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Transplantation. 2018 Oct;102(10):e424-e430. doi: 10.1097/TP.0000000000002356.

Evolutionary Distance Predicts Recurrence After Liver Transplantation in Multifocal Hepatocellular Carcinoma.

Author information

1
Department of General, Visceral-, Thoracic-, Transplantation- and Pediatric Surgery, University Hospital Schleswig-Holstein, Campus Kiel, Germany.
2
Medical Department 1, University Hospital Dresden, TU Dresden, Dresden, Germany.
3
Institute for Pathology, University Hospital Schleswig-Holstein, Campus Kiel, Germany.
4
Department of General, Visceral and Transplant Surgery, Hannover Medical School, Hannover, Germany.
5
Core Facility Quality Management and Health Technology Assessment in Transplantation, Integrated Research Treatment Center-Transplantation (IFB-Tx), Hannover Medical School, Hannover, Germany.
6
Department of Trauma and Orthopaedic Surgery, Federal Armed Forces Hospital Westerstede, Germany.
7
Institute of Pathology, Hannover Medical School, Hannover, Germany.
8
Department of General Surgery and Visceral Surgery, University Hospital of Muenster, Muenster, Germany.
9
Clinic for Transplantation Medicine, University Hospital of Muenster, Muenster, Germany.
10
Department for Visceral and General Surgery, St. Josefs Hospital Dortmund-Hoerde, Germany.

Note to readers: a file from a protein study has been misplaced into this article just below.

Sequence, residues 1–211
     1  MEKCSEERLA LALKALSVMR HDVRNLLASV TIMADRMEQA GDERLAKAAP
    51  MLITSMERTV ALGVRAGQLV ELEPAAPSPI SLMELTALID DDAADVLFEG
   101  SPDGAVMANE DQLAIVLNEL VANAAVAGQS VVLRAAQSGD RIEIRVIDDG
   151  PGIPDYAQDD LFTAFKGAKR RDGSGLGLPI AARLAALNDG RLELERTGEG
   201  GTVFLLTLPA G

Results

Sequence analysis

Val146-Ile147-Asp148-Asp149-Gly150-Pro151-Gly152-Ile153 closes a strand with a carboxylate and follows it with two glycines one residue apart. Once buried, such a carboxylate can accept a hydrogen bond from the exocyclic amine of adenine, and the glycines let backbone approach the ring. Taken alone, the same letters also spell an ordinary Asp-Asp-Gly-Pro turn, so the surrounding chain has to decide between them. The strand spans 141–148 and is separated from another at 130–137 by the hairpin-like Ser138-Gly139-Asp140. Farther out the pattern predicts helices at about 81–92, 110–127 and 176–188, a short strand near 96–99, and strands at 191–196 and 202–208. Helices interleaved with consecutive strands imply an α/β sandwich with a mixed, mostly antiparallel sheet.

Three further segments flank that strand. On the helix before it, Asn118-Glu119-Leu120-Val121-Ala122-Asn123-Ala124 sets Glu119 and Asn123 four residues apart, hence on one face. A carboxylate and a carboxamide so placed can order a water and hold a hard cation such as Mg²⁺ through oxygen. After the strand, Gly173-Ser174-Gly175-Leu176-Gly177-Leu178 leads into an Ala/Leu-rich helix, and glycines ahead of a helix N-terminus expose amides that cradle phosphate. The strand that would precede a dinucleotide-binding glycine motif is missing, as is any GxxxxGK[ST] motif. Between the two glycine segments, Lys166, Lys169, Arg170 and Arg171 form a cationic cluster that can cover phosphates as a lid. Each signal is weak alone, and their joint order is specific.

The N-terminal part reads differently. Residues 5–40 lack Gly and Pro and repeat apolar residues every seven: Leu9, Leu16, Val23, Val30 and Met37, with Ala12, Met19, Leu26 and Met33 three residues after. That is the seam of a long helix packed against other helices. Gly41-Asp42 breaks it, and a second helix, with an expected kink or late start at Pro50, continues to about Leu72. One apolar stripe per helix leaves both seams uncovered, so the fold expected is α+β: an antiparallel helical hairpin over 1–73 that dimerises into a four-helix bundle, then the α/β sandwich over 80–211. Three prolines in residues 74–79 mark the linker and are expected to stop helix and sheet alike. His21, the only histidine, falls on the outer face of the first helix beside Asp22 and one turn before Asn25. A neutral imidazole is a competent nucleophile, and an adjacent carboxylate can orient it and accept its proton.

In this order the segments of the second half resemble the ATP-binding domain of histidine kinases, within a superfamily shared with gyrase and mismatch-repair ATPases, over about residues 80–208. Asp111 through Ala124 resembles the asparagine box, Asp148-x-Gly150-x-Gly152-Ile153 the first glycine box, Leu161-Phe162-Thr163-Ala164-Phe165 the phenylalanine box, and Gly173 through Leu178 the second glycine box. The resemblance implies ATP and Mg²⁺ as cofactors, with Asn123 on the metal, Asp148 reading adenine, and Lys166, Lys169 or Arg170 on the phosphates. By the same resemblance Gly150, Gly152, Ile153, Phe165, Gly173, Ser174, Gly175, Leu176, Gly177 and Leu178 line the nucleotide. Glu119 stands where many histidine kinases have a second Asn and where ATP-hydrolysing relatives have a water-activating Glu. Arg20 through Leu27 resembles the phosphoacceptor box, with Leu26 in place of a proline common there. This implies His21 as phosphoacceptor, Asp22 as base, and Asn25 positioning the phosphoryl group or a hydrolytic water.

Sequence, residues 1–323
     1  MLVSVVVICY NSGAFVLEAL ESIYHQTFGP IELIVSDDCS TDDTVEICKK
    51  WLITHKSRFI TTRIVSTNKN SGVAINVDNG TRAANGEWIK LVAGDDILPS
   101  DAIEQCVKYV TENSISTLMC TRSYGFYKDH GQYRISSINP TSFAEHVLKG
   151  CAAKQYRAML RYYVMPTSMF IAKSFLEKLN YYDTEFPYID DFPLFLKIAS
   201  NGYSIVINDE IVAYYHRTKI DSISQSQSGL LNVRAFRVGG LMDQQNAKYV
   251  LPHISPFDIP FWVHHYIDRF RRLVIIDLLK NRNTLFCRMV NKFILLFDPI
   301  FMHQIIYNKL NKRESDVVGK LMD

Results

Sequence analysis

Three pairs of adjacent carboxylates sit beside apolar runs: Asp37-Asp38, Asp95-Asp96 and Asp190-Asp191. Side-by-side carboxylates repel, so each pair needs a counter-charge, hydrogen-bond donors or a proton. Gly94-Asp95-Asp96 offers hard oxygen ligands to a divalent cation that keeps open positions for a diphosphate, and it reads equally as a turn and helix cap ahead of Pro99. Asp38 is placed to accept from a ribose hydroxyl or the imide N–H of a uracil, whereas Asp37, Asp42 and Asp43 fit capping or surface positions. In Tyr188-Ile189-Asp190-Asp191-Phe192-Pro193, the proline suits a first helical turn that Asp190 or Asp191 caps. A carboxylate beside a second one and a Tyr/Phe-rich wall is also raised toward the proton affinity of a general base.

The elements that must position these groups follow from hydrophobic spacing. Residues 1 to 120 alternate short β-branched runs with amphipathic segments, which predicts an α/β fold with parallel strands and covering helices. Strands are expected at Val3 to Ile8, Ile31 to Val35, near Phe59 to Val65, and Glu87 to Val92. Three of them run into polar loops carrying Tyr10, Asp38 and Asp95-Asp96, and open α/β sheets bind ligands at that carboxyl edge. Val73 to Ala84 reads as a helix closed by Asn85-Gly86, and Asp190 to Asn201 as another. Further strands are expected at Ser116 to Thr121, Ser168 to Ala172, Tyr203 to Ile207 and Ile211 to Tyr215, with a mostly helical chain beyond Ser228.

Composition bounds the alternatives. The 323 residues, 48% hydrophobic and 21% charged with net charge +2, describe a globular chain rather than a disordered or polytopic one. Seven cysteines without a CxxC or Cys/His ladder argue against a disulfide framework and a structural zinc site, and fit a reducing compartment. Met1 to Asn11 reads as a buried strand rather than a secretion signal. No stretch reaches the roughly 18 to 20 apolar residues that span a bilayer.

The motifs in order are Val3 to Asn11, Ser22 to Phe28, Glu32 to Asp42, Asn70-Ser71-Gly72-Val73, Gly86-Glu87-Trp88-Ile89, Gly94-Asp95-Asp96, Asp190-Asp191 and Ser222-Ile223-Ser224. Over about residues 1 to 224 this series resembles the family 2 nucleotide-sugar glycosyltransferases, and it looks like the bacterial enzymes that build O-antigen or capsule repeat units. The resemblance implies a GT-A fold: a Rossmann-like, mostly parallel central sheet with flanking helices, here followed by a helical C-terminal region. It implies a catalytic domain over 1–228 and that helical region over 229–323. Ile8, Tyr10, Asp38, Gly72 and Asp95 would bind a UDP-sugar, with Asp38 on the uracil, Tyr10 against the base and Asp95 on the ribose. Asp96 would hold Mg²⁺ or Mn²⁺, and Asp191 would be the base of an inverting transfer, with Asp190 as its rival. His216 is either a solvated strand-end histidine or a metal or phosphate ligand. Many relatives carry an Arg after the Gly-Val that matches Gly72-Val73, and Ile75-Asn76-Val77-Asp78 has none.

11
Department of Pathology, University Hospital of Muenster, Muenster, Germany.
12
Department of General, Visceral, and Transplantation Surgery, Charité, Campus Virchow Klinikum, Berlin, Germany.
13
Institute of Pathology, Charité University Hospital, Berlin, Germany.
14
Department of Medicine, University Hospital Regensburg, Regensburg, Germany.
15
Institute of Pathology, University of Regensburg, Regensburg, Germany.
16
Institute for Clinical Molecular Biology, University Hospital Schleswig-Holstein, Campus Kiel, Kiel, Germany.

Abstract

BACKGROUND:

Liver transplantation (LTx) is a potentially curative treatment option for hepatocellular carcinoma (HCC) in cirrhosis. However, patients, where HCC is already a systemic disease, LTx may be individually harmful and has a negative impact on donor organ usage. Thus, there is a need for improved selection criteria beyond nodule morphology to select patients with a favorable outcome for LTx in multifocal HCC. Evolutionary distance measured from genome-wide single-nucleotide polymorphism data between tumor nodules and the cirrhotic liver may be a prognostic marker of survival after LTx for multifocal HCC.

METHODS:

In a retrospective multicenter study, clinical data and formalin-fixed paraffin-embedded specimens of the liver and 2 tumor nodules were obtained from explants of 30 patients in the discovery and 180 patients in the replication cohort. DNA was extracted from formalin-fixed paraffin-embedded specimens followed by genome wide single-nucleotide polymorphism genotyping.

RESULTS:

Genotype quality criteria allowed for analysis of 8 patients in the discovery and 17 patients in the replication set. DNA concentrations of a total of 25 patients fulfilled the quality criteria and were included in the analysis. Both, in the discovery (P = 0.04) and in the replication data sets (P = 0.01), evolutionary distance was associated with the risk of recurrence of HCC after transplantation (combined P = 0.0002). In a univariate analysis, evolutionary distance (P = 7.4 × 10) and microvascular invasion (P = 1.31 × 10) were significantly associated with survival in a Cox regression analysis.

CONCLUSIONS:

Evolutionary distance allows for the determination of a high-risk group of recurrence if preoperative liver biopsy is considered.

PMID:
29994984
DOI:
10.1097/TP.0000000000002356
[Indexed for MEDLINE]

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